A new lab procedure may someday eliminate the risk of accidentally creating antibiotic-resistant bacteria during the development of transgenic plants. The technique, described in this month's issue of Nature Biotechnology, accelerates the growth of transgenic tobacco and lettuce seedlings.
To grow a plant with better salt tolerance or pest resistance, scientists must first add genes to the embryo. But not all cells take up foreign genes. The easiest way to select plant cells containing introduced genes is to kill the cells that didn't accept the gene. Biologists traditionally accomplish this feat by pairing up the desired gene, or transgene, with another gene that makes the cell resistant to antibiotics. Bathing all the cells in an antibiotic wipes out the nonresistant ones. The method is so effective in so many kinds of plants that "all previous technology uses antibiotic resistance genes," says Michael Syvanen, a microbiologist at the University of California, Davis.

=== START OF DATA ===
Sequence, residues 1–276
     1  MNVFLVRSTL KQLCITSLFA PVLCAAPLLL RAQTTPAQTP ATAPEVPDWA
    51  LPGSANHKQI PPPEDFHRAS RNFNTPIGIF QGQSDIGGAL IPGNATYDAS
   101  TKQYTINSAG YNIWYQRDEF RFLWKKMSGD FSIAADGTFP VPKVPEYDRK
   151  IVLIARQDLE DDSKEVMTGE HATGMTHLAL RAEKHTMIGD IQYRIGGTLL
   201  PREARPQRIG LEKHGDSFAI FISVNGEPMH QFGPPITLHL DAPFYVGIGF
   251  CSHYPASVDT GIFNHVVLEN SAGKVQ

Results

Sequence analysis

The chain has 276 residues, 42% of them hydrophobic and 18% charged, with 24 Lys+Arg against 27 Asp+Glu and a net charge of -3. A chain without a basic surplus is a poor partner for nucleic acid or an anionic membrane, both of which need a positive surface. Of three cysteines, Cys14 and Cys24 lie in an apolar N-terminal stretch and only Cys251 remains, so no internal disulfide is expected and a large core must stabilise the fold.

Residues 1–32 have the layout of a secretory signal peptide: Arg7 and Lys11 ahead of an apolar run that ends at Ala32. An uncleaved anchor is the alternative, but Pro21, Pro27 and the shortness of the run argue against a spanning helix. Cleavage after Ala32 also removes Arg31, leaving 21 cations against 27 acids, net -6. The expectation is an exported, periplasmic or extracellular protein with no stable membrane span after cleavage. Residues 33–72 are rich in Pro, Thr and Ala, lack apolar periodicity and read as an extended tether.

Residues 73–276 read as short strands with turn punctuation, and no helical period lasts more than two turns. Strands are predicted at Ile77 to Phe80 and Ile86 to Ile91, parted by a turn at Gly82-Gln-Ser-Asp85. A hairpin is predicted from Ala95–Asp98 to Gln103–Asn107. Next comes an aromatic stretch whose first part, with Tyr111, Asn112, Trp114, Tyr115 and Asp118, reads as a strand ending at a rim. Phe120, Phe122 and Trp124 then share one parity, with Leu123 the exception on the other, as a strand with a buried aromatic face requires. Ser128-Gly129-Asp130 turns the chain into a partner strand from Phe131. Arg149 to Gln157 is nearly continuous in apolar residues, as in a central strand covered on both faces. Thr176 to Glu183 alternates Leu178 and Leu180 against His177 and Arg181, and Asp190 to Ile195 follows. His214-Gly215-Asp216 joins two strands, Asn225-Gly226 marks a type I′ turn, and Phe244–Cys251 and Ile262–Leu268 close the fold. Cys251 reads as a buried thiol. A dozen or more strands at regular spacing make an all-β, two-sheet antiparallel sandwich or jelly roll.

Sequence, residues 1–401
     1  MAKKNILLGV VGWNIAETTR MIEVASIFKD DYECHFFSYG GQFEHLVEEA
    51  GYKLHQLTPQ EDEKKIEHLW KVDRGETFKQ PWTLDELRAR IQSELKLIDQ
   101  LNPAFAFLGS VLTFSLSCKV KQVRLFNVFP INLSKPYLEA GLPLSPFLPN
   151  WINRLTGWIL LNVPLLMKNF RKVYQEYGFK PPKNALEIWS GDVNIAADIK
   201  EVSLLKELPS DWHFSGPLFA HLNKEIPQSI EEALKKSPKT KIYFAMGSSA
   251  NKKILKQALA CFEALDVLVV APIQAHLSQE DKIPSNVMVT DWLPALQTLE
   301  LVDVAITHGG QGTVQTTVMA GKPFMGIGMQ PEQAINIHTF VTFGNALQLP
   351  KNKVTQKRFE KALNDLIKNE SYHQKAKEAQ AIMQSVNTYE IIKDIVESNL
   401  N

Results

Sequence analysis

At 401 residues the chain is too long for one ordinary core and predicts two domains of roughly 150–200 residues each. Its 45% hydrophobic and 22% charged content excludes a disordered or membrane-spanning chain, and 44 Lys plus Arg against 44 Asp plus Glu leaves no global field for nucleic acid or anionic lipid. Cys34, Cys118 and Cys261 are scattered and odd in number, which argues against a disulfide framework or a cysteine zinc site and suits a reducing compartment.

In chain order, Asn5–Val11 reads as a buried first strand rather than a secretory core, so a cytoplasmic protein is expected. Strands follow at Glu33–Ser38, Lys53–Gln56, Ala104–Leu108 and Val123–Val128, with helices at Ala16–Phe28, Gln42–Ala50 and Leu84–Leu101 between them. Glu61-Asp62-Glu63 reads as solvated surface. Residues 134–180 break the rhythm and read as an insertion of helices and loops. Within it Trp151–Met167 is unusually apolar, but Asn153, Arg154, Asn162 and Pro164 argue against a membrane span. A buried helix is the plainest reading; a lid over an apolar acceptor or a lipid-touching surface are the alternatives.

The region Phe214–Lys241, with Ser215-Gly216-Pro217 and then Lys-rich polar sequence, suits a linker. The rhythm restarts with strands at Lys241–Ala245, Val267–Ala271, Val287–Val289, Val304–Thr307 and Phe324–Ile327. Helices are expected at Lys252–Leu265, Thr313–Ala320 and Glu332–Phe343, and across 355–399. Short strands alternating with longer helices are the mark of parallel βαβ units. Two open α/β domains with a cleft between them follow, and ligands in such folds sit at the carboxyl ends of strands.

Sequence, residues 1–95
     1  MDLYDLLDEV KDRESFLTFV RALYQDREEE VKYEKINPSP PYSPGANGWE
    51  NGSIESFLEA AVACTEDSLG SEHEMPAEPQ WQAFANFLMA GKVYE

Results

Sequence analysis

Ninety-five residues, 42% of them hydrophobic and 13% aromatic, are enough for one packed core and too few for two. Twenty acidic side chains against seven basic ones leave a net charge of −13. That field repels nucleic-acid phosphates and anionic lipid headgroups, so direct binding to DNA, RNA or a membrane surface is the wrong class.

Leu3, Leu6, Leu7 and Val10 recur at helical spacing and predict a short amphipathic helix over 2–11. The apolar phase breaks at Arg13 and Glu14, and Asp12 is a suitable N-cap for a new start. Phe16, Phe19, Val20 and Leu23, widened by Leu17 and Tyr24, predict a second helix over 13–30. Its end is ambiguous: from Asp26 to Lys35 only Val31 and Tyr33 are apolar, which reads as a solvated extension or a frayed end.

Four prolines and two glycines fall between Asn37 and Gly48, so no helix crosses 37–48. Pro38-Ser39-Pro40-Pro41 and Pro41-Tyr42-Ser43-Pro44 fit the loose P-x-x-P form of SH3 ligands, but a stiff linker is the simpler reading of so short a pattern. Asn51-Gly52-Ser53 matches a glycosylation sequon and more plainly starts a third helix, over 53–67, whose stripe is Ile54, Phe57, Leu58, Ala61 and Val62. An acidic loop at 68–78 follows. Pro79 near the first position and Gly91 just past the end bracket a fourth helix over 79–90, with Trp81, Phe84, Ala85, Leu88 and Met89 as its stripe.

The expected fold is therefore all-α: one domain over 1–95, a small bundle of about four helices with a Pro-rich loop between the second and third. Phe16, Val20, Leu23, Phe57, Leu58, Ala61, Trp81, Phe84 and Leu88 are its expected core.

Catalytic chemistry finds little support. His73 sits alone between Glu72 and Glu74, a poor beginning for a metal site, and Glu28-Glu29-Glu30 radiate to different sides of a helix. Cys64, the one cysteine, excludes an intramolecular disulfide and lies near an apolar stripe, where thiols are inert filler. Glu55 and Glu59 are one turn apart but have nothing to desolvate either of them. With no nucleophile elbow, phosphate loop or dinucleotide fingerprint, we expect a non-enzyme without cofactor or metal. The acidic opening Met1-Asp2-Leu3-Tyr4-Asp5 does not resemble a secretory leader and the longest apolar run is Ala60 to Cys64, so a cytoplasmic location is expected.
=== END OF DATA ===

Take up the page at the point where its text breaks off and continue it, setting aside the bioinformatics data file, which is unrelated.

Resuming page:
But there is a danger: Experiments have shown that some transgenes can slip from an adult plant into bacteria. This has raised fears that native bacteria could take up the antibiotic resistance genes. No one has seen this phenomenon occur in nature, says Syvanen, but in theory it can happen. "It's just a matter of time," he says.
Now, a team led by microbiologist Tim Kunkel of The Rockefeller University in New York City has shown that at least two crops--lettuce and tobacco--can be engineered without using antibiotic resistance genes. Instead, Kunkel's group linked the transgenes to isopentenyltransferase, an enzyme that accelerates shoot formation in seedlings. By bathing the young plants in a steroid that triggers shoot growth, the team was able to pick out the transgenic seedlings and dispose of the rest. How well the strategy will work in other plants, says Kunkel, "remains to be seen."